Thursday, February 1, 2007

A Tough Night

I was suddenly wide awake at twelve thirty-five a.m. by the red glow of the digital alarm clock. The ceiling lights in the bedroom, which I know had been turned off when I went to sleep at eleven o'clock, were all brightly lit. Perhaps, I thought, Ellie had been unable to sleep and had switched them on for some reason. Unlikely. It was barely an hour since we had gone to sleep, and she still seemed to be sleeping soundly by my side.

A mystery, then. Perhaps some impish spirit on the loose. Or this: I was annoyed yesterday to receive a giant bill from our handyman for work with the lighting system inside the house, and outside, in the garden. The goal had been to make them easily operable by remote, and to run on automatic timers at the weekend, when we are usually out of town; but we have had innumerable problems with the system, with lights going on when they were not supposed to, and refusing to work at other times when the switches told them to. As a consequence, we've had countless visits from our handyman's employees (this is not your usual solitary handyman who does the jobs himself!) and I was not enchanted to find us charged for all those hours put in to correct work that was not done right in the first place. Perhaps, I thought, the phenomenon of the bedroom lights was some weird manifestation in the physical world of my internal anger and my habitual worry about money...

I switched the lights off and tried to settle down to sleep. Tall order. Our daughter, Sarah, had been over for dinner with her friend, Ed. I had eaten perhaps less mindfully than I might have done, thanks to the emotional energy involved in having people over: we had been in intense conversation about jobs and, er, money, and along the way I had imbibed a couple of glasses too many of sauvignon blanc. I lay there suffering from acute indigestion. I had gone to bed too full, too late, too tired, with too much adrenaline still running and too many thoughts still racing through the brain. George, the dog, was not helping, with some kind of allergic itch that apparently required constant scratching.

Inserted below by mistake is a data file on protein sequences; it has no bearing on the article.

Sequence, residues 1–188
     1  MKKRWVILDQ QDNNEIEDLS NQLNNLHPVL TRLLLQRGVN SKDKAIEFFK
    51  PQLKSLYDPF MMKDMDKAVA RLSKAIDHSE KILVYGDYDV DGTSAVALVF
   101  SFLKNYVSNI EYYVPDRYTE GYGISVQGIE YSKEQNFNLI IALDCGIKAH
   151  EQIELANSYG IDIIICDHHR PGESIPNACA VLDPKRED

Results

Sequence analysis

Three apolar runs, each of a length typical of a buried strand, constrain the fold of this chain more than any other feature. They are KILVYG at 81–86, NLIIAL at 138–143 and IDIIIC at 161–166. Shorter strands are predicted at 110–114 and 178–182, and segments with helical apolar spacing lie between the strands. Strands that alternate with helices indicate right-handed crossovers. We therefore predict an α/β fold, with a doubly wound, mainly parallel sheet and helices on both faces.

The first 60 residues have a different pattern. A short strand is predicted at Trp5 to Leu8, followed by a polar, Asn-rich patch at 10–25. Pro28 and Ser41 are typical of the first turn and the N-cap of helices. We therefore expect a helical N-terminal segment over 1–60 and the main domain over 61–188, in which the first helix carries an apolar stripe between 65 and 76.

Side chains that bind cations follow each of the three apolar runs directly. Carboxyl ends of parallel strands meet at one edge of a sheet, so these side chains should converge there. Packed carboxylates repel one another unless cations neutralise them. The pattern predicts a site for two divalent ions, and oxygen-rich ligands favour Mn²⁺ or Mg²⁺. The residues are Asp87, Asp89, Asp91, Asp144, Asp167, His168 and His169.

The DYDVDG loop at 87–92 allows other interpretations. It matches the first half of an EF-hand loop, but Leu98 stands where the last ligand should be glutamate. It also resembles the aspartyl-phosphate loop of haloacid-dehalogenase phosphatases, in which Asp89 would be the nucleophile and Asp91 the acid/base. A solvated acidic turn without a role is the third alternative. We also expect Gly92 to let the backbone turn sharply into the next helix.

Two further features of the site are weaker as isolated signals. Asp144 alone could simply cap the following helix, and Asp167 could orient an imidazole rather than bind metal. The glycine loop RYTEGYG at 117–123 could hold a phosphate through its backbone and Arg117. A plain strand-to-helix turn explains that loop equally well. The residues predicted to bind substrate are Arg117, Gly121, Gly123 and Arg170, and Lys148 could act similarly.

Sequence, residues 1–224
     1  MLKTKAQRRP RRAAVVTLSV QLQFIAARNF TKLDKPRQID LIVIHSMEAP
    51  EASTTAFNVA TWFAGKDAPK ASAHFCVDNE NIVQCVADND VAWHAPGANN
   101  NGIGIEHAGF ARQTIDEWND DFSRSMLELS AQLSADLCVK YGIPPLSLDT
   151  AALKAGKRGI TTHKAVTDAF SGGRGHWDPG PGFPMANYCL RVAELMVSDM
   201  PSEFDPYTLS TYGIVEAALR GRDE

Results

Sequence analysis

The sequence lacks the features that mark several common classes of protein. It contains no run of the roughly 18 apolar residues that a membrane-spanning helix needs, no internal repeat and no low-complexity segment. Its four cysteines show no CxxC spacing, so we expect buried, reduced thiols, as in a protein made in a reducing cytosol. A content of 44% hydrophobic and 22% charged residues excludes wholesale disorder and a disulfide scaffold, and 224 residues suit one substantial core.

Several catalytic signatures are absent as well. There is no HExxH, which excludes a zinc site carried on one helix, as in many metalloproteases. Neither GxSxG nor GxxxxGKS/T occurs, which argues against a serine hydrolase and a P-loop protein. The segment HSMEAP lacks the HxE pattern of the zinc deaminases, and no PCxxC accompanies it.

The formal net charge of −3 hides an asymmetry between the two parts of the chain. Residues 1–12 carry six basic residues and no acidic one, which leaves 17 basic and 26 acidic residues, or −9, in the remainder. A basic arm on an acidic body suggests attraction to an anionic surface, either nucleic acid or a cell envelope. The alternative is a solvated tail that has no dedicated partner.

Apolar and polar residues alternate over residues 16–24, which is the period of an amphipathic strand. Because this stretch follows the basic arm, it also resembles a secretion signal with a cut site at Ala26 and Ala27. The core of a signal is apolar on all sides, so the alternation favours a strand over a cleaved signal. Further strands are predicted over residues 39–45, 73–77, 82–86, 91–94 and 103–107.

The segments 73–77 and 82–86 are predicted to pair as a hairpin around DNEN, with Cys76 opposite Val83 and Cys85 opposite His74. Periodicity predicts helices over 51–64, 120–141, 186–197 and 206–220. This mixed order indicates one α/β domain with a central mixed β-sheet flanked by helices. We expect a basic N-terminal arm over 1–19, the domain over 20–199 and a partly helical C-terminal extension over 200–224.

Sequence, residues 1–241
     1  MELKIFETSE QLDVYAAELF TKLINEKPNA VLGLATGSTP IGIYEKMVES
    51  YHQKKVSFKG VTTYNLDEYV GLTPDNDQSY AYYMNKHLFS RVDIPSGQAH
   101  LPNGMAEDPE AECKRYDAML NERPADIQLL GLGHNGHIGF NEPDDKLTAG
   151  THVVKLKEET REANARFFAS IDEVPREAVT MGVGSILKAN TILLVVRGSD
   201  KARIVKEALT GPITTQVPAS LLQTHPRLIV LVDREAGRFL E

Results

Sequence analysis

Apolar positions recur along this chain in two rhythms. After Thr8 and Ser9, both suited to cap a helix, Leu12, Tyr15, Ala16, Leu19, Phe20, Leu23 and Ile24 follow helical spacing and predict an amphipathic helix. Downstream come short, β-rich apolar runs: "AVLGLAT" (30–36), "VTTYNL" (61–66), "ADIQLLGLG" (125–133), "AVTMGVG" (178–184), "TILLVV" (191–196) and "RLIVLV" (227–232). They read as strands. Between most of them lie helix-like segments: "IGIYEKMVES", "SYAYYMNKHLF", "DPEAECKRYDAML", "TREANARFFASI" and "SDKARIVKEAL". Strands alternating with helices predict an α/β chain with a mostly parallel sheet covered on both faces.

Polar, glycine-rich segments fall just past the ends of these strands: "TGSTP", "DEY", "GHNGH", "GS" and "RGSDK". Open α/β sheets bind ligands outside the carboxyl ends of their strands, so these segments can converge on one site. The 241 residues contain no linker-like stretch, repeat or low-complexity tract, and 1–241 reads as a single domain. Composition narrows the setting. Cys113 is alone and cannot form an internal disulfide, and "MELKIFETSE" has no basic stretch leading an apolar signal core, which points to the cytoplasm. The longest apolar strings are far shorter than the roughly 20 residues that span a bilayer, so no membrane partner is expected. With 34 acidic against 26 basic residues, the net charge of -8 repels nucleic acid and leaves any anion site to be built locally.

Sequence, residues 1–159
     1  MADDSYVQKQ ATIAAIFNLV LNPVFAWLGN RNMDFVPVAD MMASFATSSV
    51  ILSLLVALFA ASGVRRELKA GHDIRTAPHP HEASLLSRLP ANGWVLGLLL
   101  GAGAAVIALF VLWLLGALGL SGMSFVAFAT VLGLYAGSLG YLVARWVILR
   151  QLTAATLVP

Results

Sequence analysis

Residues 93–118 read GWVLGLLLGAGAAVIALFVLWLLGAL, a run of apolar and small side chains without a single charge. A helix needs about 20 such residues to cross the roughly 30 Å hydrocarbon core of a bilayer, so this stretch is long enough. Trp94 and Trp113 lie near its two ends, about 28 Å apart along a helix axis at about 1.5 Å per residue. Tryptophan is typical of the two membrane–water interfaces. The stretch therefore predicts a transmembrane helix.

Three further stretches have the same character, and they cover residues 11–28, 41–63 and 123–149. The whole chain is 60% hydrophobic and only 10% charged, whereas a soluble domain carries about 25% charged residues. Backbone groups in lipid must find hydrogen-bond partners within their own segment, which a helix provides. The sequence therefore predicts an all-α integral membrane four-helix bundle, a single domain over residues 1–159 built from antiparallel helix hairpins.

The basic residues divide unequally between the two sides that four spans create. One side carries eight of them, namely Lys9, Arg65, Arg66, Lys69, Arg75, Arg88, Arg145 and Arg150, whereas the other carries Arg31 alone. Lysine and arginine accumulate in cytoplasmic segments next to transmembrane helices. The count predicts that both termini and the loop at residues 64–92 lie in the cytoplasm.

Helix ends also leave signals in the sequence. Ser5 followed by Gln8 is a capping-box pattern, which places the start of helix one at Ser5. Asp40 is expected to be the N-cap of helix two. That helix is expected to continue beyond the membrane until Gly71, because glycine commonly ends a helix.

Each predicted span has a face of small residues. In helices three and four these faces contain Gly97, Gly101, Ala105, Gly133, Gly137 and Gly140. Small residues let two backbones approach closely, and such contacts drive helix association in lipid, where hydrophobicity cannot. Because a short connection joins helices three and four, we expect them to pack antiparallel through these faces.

In spite of it all, I must have finally dropped off. As is my custom, I woke a couple of times during the night, and again at five thirty-five. Time to meditate, despite the short night's sleep. Before this past weekend's retreat, I will confess that I had acquired this habit of meditating in bed. I have the excuses: it has been cold. I did not want to disturb George from his sleep, and consequently Ellie. I had not yet found the "right place" in the new home into which we moved not too terribly long ago (but long enough, admit it, to have resolved this issue!) A bad habit, really. It catered nicely to my natural propensity toward laziness. And, as I have already mentioned, my practice has been pretty much on the rocks. So I came back determined to break the habit and find a place to sit.

I have not yet found it. I do not sit cross-legged on the floor. At my age, I tell myself (another excuse, perhaps!) my hips and knees simply do not bend far enough in the right directions to enable me to sit that way. For the past two days I have experimented with an heirloom from Ellie's mother house--an attractive, straight-backed antique chair, whose disadvantage, I have discovered, is that the arms are so positioned as to cut into the elbows where they fall, preventing relaxation of the (human) arms.

This issue still needs to be resolved. No matter. I did manage a good, mostly concentrated sit from five-forty until six-thirty, focusing on the breath and watching out for stress and tension as I worked slowly through the body. And I ended up, as always, glad that I had made the effort. Here's an intention: since there is a nice corner in our bedroom where Ellie has set up a small shrine, I'll plan to make a renewed attempt, with an afternoon or early evening sit, to find a tolerable position on the floor. We'll see. A report on this in a later entry.

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